# Does NF(U+?) have $\beta$-models?

A $$\beta$$-model of a set theory (or higher-order-arithmetic theory) is a model $$M$$ of that theory which is correct about well-foundedness: if $$x\in M$$ is an illfounded relation, then there is some $$a\in M$$ which is a subset of the domain of $$x$$ with no minimal element.

I know a bit about $$\beta$$-models of ZFC- and $$Z_2$$-like theories - in particular, $$\beta$$-models of ZFC are just well-founded models of ZFC - but I've realized that embarrassingly I know nothing whatsoever about $$\beta$$-models of NF-like theories. The existence of a "reasonable" set theory without $$\beta$$-models would be amazing, so I'm sure that $$(i)$$ there are easy ways to construct $$\beta$$-models of NFU (or even strengthenings like NFU + Infinity + Choice) and $$(ii)$$ there are no major reasons to be more skeptical of the existence of a $$\beta$$-model of NF than of the mere consistency of NF.

That said, I still don't see how to whip them up. So:

How does one construct a $$\beta$$-model of NFU?

I'm especially interested in $$\beta$$-models of strong extensions of NFU (like NFU + Choice + Infinity + "Cantorian sets"). I'm also interested in heuristic arguments about why (I assume!) the $$\beta$$-consistency of NF should be equiplausible with the consistency of NF.

• Hopefully I can persuade Holmes or Forster to pop over and weigh in, because I would really love to know the answer to this, too. Jan 14, 2020 at 8:08

(Thank you, Alice, for getting me to look at this) Before i answer i think i need a bit of clarification on what exactly a $$\beta$$-model is. On the face of it NFU cannot have a model which speaks about wellfoundedness without forked tongue, beco's the ordinals of any model of NF(U) are illfounded. That is to say, it is a theorem of NF(U) that there is (an explicitly definable) proper class of ordinals with no least member. (It may be that Rosser-Wang Nonstandard models for formal logics'' addresses your interests .. JSL some time early 1950's - they discuss NF in some detail) But it may be that you mean something subtly different.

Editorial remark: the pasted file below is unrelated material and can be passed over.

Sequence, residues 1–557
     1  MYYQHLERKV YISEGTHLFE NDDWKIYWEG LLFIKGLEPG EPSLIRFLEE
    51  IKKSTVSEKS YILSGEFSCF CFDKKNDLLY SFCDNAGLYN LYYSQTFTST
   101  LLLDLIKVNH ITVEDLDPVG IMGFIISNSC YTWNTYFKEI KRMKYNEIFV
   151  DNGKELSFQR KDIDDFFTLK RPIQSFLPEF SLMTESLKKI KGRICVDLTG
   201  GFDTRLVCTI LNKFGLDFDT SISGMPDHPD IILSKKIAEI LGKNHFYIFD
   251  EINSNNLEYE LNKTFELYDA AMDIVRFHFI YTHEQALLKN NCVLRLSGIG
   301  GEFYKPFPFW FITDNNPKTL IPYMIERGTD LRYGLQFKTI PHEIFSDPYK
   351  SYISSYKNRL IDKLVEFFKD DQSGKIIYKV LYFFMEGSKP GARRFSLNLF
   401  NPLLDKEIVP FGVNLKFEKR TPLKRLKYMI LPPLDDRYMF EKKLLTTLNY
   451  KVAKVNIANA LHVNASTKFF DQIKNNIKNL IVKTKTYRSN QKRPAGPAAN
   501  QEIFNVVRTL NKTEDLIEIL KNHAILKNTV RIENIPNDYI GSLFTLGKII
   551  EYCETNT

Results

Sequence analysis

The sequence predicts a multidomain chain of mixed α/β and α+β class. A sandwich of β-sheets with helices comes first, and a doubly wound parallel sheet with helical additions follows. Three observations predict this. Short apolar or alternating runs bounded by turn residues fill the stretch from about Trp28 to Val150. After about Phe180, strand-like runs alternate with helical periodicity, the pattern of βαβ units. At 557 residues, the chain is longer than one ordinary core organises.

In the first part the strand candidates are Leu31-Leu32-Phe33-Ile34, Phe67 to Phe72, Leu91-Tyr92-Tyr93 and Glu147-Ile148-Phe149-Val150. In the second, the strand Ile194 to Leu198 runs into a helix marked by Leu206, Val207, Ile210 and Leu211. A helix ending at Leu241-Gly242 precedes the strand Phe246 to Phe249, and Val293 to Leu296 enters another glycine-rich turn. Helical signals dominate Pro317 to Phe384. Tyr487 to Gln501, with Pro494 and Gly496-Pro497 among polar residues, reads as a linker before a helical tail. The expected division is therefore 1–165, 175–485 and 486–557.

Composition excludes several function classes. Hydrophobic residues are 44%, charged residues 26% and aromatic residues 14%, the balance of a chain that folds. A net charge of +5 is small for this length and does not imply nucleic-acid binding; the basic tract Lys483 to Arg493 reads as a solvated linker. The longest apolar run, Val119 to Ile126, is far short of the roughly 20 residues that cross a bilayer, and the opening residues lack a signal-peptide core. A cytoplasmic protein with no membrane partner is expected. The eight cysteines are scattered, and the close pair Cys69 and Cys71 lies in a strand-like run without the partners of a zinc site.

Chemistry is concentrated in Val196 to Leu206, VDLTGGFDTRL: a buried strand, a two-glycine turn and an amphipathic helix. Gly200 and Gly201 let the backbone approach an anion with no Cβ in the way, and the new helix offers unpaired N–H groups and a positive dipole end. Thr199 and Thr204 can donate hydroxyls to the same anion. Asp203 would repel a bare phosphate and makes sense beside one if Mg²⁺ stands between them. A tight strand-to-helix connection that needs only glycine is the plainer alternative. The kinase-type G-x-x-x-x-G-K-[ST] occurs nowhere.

best wishes

tf

• I think i can express my concern more specifically: i need to be told the difference between a $\beta$-model and an $\omega$-model. It is known since at least Rosser-and-Wang that the Quine systems have no $\omega$-models. Jan 14, 2020 at 16:01
• @ThomasForster An $\omega$-model has its $\omega$ isomorphic to the usual $\omega$. To see the difference between this and $\beta$-model-ness, note that there are $\omega$-models of ZFC which are not $\beta$-models: e.g. via Gandy's basis theorem we can build a model of ZFC with well-founded part of height $\omega_1^{CK}$. Jan 14, 2020 at 18:44
• The definition of well-founded I'm using is the one given in my question, which seems self-contained unless I'm missing something? Jan 14, 2020 at 18:45
• Also, Randall Holmes' answer below states "The natural order relation on the ordinals of NFU in a given model M is ill-founded, externally, but M thinks it is well-founded," which seems to contradict your statement " it is a theorem of NF(U) that there is (an explicitly definable) proper class of ordinals with no least member" - am I missing something, or is one statement in error? Jan 14, 2020 at 18:46
• In connection with the conflict Noah seems to perceive between my assertion about ordinals and Thomas's, it is useful to note that in NFU a definable subclass of a set may fail to be a set. Jan 17, 2020 at 15:21

There are no $$\beta$$ models of NFU. The natural order relation on the ordinals of NFU in a given model M is ill-founded, externally, but M thinks it is well-founded. So there are collections of ordinals of M which have no minimal element, but none of these are sets of the model M. This is a classic result: there is a paper about it, to which I should supply a reference when I am not on vacation away from my office.